The Ekklesia Project does a number of things. Probably the most important thing we do is talk with one another about being faithful disciples of Jesus Christ. Such conversation cannot be controlled or orchestrated, and neither can discipleship. But it can be promoted in a variety of ways. Here are the ways we seek to promote conversation and discipleship:
Every July we hold a three day Gathering (so far we’ve been meeting in Chicago). We come together around a topic for worship, fellowship, lectures, workshops, and a whole lot of fun. We also hold regional gatherings at other times and places.
We are continuing to develop a formational process for congregational discipleship. In July 2007, we completed a pilot project with six local pastors and congregations from around the country. In July 2008, we will begin working with a second round of congregations. The project, directed by Phil Kenneson, includes the development and use of a new formational curriculum, and the use of pastor-scholar teams to resource the each pastor and congregation.
We publish occasional pamphlets which intend to foster conversation about faithful discipleship in the local church. These run the gamut from discussions of church membership, marriage and congregational singing, to theological reflections on memory, just war, and ecology.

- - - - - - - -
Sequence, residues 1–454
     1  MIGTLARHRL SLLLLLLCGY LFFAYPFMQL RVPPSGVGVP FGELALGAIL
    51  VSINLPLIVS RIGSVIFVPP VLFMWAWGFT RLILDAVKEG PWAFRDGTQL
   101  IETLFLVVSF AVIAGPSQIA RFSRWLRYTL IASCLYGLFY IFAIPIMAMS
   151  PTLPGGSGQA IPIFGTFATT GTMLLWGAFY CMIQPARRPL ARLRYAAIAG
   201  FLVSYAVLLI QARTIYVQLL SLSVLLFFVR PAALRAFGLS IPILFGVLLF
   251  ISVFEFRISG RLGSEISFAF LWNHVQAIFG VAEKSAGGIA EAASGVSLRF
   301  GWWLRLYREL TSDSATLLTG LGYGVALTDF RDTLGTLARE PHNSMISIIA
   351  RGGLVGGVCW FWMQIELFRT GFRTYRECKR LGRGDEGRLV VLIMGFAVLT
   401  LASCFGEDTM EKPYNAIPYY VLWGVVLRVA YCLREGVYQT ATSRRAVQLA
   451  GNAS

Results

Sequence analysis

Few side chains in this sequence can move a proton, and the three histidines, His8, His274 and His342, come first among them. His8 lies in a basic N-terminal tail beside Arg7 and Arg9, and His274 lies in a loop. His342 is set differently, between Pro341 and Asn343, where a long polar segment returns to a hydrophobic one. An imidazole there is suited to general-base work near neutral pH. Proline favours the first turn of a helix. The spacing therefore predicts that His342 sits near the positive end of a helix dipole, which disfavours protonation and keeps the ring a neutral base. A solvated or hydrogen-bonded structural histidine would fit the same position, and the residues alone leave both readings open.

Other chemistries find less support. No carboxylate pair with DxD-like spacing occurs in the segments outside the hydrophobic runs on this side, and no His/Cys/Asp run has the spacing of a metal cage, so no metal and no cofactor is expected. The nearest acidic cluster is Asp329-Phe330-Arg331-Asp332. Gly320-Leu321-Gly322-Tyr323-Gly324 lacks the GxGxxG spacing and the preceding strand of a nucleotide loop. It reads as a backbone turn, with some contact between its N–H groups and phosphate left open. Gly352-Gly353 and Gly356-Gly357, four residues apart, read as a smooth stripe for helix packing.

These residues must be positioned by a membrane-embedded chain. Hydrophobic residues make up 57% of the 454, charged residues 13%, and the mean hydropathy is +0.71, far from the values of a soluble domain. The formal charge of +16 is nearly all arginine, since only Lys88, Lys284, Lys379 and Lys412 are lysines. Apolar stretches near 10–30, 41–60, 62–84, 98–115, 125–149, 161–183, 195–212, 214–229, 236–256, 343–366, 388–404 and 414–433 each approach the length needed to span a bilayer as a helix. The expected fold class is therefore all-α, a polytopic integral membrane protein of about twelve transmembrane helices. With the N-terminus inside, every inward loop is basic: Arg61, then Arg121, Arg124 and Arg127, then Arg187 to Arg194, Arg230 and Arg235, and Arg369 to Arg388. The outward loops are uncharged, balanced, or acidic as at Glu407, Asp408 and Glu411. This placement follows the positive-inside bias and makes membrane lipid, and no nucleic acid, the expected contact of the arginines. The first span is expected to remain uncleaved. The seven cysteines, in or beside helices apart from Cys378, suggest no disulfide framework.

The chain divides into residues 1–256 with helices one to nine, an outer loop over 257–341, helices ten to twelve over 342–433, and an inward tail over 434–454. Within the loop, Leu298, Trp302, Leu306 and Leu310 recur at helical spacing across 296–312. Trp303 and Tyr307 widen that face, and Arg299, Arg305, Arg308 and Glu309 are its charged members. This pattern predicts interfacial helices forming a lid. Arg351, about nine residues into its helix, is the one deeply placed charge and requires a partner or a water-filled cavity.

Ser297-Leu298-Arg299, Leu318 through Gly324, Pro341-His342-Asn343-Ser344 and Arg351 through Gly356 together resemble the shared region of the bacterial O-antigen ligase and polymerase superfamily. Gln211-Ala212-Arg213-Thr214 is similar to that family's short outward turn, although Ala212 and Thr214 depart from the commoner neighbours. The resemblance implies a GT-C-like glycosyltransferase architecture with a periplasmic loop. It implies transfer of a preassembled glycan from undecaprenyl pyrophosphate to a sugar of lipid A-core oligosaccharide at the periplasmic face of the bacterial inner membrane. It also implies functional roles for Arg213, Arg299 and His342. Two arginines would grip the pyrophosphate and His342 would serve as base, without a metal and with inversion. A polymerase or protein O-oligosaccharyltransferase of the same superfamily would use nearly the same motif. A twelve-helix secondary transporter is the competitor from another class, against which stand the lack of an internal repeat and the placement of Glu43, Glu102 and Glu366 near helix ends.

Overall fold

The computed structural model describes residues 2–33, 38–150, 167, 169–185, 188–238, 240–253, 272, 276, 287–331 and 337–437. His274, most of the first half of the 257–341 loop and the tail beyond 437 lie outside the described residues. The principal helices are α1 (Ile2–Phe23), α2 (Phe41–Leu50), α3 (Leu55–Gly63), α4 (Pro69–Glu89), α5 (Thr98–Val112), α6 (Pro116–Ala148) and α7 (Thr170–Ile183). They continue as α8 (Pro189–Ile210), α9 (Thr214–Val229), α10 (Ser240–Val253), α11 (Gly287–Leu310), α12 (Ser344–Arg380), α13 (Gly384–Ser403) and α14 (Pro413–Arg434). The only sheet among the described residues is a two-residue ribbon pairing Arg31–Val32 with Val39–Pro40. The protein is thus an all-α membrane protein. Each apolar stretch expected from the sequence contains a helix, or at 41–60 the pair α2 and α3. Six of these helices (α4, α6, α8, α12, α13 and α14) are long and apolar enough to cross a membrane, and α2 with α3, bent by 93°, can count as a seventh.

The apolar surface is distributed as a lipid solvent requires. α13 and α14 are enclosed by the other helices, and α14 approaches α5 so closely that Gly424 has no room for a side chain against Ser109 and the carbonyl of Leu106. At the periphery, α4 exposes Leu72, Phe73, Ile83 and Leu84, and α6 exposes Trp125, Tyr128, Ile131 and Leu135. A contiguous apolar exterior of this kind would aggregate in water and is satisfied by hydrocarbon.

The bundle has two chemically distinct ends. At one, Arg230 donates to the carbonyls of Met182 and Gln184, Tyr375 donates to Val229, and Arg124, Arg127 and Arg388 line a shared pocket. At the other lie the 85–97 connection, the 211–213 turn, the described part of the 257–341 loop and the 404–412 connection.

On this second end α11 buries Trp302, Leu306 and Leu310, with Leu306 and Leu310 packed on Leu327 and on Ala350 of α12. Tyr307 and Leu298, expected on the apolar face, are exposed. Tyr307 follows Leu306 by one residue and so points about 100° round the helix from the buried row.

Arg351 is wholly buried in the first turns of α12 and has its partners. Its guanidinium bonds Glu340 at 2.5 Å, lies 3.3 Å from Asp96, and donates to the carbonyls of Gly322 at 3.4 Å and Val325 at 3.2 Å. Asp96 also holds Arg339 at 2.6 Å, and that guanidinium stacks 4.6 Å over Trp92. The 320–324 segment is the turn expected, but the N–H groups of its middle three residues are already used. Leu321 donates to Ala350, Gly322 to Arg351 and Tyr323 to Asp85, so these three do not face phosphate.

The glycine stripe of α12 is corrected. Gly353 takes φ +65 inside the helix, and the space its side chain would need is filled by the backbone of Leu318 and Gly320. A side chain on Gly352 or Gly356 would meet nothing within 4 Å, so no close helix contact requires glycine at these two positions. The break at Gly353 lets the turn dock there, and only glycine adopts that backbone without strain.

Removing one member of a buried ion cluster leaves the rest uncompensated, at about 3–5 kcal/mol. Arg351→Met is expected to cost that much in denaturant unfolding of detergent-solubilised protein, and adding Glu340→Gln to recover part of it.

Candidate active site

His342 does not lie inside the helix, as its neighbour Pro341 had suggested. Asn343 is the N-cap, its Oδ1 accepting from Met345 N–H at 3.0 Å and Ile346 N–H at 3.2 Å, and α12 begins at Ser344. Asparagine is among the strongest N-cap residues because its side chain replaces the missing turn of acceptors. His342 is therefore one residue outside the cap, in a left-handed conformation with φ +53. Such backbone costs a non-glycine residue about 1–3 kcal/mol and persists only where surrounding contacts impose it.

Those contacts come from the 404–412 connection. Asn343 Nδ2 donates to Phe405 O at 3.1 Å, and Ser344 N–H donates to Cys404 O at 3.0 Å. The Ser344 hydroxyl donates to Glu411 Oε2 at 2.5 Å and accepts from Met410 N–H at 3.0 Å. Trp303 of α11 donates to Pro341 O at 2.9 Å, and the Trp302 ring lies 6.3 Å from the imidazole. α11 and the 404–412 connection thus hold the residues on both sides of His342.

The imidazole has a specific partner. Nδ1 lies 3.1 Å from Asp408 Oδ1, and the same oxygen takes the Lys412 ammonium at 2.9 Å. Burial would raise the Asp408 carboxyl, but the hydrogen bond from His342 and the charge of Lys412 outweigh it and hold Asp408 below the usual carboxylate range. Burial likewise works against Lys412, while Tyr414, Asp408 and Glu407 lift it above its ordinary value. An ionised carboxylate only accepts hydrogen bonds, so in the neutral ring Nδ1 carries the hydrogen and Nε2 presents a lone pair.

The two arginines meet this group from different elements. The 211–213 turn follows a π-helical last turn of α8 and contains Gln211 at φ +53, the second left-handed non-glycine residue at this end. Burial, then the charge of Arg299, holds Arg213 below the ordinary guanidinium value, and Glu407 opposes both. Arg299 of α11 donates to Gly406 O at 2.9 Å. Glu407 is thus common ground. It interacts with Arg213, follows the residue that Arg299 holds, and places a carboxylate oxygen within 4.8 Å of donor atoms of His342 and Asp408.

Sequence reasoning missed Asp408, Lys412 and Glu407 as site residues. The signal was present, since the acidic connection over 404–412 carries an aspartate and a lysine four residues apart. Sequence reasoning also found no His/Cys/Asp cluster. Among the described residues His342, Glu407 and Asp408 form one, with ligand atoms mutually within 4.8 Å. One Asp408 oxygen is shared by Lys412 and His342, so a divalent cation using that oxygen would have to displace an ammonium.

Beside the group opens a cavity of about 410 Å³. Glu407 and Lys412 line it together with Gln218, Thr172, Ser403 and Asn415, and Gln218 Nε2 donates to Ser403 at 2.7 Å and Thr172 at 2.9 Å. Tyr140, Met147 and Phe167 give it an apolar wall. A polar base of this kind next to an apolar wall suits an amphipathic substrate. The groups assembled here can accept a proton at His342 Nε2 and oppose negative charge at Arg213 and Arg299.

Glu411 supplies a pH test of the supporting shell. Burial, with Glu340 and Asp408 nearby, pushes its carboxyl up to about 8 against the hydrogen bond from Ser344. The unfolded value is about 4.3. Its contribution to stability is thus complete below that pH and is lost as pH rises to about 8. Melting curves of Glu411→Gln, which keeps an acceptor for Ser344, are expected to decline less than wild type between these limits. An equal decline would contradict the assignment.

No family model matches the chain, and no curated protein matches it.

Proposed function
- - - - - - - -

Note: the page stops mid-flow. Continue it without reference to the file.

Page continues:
We are working to promote the publication of books that encourage our vision of vigorous ecclesial discipleship. Working with Brazos Press, we have helped to bring forth a series called The Christian Practice of Everyday Life. Our Academic Book series, for more theoretical theological volumes, was launched this year with Wm. B. Eerdmans Publishing.
We maintain a weblog on this website. It seeks to bring together relevant theological commentary from our contributing editors and from the wider electronic world. It regularly reflects on the news of the day from an EP perspective, asking what the news we are offered might look like from an angle that is God-centered, church-centered, peace-centered, and political. In so doing, we hope that our commentary helps members of the church to think more critically and theologically, and to see daily events and ideas in new ways.